I think that at the core of the problem is that people have a very hard time figuring out what monetary policy is. Most people – including I believe most central bankers – think that credit policy is monetary policy. Just take the Federal Reserve’s attempt to distort relative prices in the financial markets in connection with QE2 or the ECB’s OMT program where the purpose is to support the price of government bonds in certain South European countries without increasing the euro zone money base. Hence, the primary purpose of these policies is not to increase nominal GDP or stabilise NGDP growth, but rather to change market prices. That is not monetary policy. That is credit policy and worse – it is in fact bailouts.

As the ECB’s OMT and Fed’s QE2 to a large extent have been focused on changing relative prices in the financial markets they can rightly be – and should be – criticized for leading to moral hazard. When the ECB artificially keeps for example Spanish government bond yields from increasing above a certain level then the ECB clearly is encouraging excessive risk taking. Spanish bond yields have been rising during the Great Recession because investors rightly have been fearing a Spanish government default. This is an entirely rational reaction by investors to a sharp deterioration of the outlook for the Spanish economy. Obviously if the ECB curb the rise in Spanish bond yields the ECB are telling investors to disregard these credit risks. This clearly is moral hazard.

The problem here is that a monetary authority – the ECB – is engaged in something that is not monetary policy, but people will not surprisingly think of what a central bank do as monetary policy, but the ECB’s attempts to distort relative prices in the financial markets have very little to do with monetary policy as it do not lead to a change in the money base or to a change in the expectation for future changes in the money base.

That is not to say that the ECB’s credit policies do not have monetary impact. They likely have. Hence, it is clear that the so-called OMT has reduced financial distress in the euro zone, which likely have increased the money-multiplier and money-velocity in the euro zone, but it has also (significantly?) increased moral hazard problems. So the paradox here is that the ECB really has done very little to ease monetary policy, but a lot to increase moral hazard problems.

Unfortunately many of those policy makers who rightly are very fearful of moral hazard – normally Northern European policy makers – fail to realise the difference between monetary policy and credit policy. German, Finnish and Dutch policy makers are right in opposing a credit based bailout of South European “sinners”, but they are equally wrong in opposing an monetary expansion.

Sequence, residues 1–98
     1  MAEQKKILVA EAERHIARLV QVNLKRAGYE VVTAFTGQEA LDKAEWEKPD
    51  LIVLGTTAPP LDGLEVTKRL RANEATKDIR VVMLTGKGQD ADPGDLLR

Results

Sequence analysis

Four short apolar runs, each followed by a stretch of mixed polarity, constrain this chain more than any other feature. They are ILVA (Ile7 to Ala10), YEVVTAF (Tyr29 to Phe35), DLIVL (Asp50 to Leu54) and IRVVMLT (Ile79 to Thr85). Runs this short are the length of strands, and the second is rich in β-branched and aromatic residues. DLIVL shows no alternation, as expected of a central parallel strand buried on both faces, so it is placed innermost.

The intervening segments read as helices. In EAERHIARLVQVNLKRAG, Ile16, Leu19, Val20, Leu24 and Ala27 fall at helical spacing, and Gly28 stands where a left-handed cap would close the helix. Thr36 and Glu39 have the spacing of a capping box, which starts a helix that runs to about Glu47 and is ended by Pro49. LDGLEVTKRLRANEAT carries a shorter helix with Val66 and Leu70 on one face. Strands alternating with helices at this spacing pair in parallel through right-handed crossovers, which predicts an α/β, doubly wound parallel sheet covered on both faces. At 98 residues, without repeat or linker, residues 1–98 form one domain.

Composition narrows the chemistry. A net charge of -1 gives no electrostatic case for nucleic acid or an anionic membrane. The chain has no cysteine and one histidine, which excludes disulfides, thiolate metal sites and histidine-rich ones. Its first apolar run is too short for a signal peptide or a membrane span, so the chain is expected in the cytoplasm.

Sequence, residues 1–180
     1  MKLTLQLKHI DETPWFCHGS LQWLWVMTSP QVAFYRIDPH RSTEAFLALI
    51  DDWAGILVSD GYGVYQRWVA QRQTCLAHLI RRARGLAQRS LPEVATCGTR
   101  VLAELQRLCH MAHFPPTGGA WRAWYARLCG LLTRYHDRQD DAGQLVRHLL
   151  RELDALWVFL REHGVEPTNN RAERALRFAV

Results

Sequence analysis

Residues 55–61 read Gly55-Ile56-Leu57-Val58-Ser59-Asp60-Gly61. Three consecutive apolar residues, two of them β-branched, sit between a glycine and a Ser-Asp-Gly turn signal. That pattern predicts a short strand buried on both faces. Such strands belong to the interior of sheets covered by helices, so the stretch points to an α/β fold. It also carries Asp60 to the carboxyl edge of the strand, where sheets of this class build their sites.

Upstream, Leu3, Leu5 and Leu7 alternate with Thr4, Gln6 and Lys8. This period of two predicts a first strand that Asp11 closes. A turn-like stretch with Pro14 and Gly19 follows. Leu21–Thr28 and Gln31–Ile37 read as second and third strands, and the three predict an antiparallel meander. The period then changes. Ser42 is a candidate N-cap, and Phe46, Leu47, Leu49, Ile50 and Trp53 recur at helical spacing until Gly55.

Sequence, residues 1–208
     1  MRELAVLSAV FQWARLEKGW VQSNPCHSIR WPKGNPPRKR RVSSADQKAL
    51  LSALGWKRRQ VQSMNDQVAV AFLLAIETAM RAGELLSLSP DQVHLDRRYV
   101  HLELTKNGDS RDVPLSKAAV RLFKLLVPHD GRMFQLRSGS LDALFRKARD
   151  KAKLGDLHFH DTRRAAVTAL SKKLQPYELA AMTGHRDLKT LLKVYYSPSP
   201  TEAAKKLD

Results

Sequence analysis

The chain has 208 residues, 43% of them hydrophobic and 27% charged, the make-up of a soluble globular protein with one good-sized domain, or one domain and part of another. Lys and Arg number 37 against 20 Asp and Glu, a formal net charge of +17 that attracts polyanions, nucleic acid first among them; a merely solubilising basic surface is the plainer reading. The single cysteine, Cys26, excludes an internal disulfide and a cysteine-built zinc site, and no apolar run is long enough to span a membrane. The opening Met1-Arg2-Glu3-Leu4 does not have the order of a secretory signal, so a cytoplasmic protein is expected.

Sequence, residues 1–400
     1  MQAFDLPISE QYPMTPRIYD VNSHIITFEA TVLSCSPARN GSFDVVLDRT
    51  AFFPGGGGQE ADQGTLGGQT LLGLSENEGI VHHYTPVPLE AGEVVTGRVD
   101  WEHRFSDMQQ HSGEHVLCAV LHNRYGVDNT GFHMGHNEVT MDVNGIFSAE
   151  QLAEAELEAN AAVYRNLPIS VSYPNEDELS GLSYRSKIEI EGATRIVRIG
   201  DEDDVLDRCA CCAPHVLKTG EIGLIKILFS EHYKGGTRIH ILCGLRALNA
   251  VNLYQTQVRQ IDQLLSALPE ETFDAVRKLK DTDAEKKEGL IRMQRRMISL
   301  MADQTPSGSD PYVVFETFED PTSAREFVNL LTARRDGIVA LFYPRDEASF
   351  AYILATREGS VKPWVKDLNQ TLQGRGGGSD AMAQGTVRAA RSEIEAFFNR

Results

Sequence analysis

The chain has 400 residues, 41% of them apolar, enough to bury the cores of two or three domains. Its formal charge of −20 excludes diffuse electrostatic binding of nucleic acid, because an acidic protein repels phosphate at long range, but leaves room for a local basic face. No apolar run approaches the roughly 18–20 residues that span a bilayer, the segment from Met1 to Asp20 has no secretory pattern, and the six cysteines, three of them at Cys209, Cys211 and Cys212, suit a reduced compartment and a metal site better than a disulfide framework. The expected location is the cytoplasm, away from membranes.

The paradox here is that Northern European policy markets by opposing monetary easing in the euro zone actually are increasing the problem with moral hazard and bailouts. Hence, when monetary policy is too tight nominal GDP (and likely also real GDP) collapses. As a result debt ratios increase – and this goes for both private and public debt. That will cause both sovereign debt crisis and banking crisis, which is perceived to threaten the future of the euro. The threat to the future of the euro so far has convinced Northern European policy makers to going along with bailouts and implicit and explicit guarantees to banks and countries around the euro zone. Hence, the ECB’s overly tight monetary policy likely have INCREASED moral hazard problems.

Europe needs to return to a system where insolvent banks and countries are allowed to default. We need to end the bailouts. The Northern Europeans are completely right about that. However, we also need to end the deflationary policies of the ECB, which greatly increases public debt and banking problems.

It is certainly not given that even if the ECB brought the NGDP level back to the pre-crisis trend everything would be fine. I am fairly convinced that the removal of implicit and explicit guarantees would force banks and countries to deleverage further.  Moral hazard problems and bailouts have led to excessive risk taking. There is no doubt about that, but if the ECB (and the Fed!) focuses on maintaining nominal stability we can get an orderly return to a market based financial system where credit risks are correctly priced.

And finally solvency problems should not be dealt with through monetary or credit policy. If a country is insolvent then the only answer is an orderly debt restructuring. Similarly if banks are insolvent orderly bank resolution is needed. Monetary policy at the same time should ensure that bank resolution and debt restructuring do not lead to a negative shock to monetary conditions. The best way to do that is to keep NGDP on track.